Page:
Terrorism In Africa: Its Social And Economic Impacts In Kenya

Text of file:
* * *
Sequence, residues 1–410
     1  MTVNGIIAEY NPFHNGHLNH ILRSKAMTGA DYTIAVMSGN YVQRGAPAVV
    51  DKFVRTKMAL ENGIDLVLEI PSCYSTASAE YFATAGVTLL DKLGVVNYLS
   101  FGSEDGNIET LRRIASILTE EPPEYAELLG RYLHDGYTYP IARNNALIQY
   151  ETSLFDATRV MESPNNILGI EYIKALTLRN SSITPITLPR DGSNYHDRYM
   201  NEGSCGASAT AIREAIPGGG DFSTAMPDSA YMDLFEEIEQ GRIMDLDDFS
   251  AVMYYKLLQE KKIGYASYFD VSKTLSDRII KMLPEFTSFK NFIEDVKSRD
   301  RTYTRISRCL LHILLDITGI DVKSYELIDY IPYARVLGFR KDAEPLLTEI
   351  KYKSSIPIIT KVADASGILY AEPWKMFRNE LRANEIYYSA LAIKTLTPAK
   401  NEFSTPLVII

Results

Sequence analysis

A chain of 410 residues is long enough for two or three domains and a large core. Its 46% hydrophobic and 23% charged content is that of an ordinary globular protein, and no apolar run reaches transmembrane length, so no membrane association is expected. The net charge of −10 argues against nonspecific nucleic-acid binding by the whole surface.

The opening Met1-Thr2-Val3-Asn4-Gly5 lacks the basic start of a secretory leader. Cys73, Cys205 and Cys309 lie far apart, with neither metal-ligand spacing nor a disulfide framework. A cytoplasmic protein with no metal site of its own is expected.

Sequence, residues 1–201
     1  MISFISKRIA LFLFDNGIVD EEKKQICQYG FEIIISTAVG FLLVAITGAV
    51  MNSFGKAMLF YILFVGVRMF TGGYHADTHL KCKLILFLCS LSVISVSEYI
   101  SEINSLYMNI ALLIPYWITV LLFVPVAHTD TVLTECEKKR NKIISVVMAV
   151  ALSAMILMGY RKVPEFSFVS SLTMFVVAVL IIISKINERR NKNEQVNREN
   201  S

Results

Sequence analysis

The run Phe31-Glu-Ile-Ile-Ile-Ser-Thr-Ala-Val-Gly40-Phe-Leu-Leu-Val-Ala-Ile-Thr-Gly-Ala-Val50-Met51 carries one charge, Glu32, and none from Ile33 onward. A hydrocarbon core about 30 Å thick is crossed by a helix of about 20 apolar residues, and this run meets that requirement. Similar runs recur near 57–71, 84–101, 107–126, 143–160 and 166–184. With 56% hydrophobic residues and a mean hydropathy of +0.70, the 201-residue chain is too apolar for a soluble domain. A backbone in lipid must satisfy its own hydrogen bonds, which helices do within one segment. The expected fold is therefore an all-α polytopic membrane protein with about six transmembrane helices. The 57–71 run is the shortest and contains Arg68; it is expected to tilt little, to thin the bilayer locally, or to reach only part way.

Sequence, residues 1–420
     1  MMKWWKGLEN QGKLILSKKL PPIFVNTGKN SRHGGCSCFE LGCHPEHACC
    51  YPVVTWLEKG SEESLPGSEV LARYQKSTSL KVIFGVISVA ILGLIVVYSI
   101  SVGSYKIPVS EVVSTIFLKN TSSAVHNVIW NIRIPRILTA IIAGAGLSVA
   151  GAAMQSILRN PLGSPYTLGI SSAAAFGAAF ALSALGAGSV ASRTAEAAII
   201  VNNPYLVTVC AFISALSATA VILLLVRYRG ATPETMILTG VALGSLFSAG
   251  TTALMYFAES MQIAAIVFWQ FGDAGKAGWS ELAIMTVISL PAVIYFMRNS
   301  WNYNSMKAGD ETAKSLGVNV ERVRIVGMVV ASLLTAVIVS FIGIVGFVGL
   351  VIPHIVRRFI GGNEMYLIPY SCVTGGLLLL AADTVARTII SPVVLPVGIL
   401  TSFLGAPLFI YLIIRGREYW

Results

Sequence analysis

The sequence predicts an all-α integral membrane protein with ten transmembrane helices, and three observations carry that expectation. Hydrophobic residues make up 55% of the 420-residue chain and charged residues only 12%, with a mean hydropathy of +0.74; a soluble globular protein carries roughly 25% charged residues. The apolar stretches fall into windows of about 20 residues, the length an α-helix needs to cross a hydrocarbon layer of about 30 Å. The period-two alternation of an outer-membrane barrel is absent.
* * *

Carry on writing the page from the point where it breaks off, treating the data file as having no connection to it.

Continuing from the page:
As the world becomes more globalized and liberalized, it would be idealistic for any state to presume it can insulate herself from the international community amid the evolving global events that elicit divergent responses from various international actors. Terrorism is also here with us, its long recorded existence poses an alarming threat to international peace and security, Africa, like any other continent has not insulated herself from terrorism, this adds to the need for more interrogation of issues, can Africa really chart the way for its destiny in matters regarding international security and peace, given the fact that in almost 500 years it has not been considered an equal partner in the running of the international system but only as a provider of human and natural resources and a recipient of culture, technology and wholesome ideologies, and all international systems seem to focus on maintaining the status quo? This project delves into the history of terrorism in Africa, presenting the key drivers of terrorism in Africa, before proceeding to evaluate the social and economic impact of terrorism in Kenya, a country chosen as the case study and outline the institutional and strategic measures that the government of Kenya has put in place in order to counter terrorism. The study will be guided by the following objectives; analyzing the key drivers of terrorism in Africa, provide an analysis the social and economic impacts of terrorism in Kenya, specifically focusing on; the impacts of terrorism on tourism industry in Kenya, impacts of terrorism on trade in Kenya, and the impacts of terrorism on religion integration in Kenya. The study will be guided by the relative deprivation theory by Samuel A. Stouffer, who provides a critical analysis of feelings and ideas of deprivation which can stir conflicts that can spill into terrorist activities which in cause adverse social and economic consequences. The study will adopt a mixed method research design, incorporating both qualitative and quantitative analysis. The data will be collected from both primary and secondary sources. Primary data will be collected using questionnaires that will be sent out to the respondents. Secondary data will be collected by analyzing the literature in Academic Journals, policy documents, periodicals, books, newspapers, and academic papers and magazines, TV documentaries on the social economic impacts of terrorism in Kenya. The target population of the study will be individual from various sectors of economy in Kenya. The ministry of foreign affairs, the minister of immigration the ministry of trade and the anti-terrorist police unit. About 30 respondents will be targeted. Both quantitative and qualitative data will be collected in the study during the data collection process. Quantitative data will be collected using the closed ended items of the questionnaire. The quantitative data will be assigned nominal, ordinal and interval values and analyzed using descriptive statistics of frequency tables and percentages.
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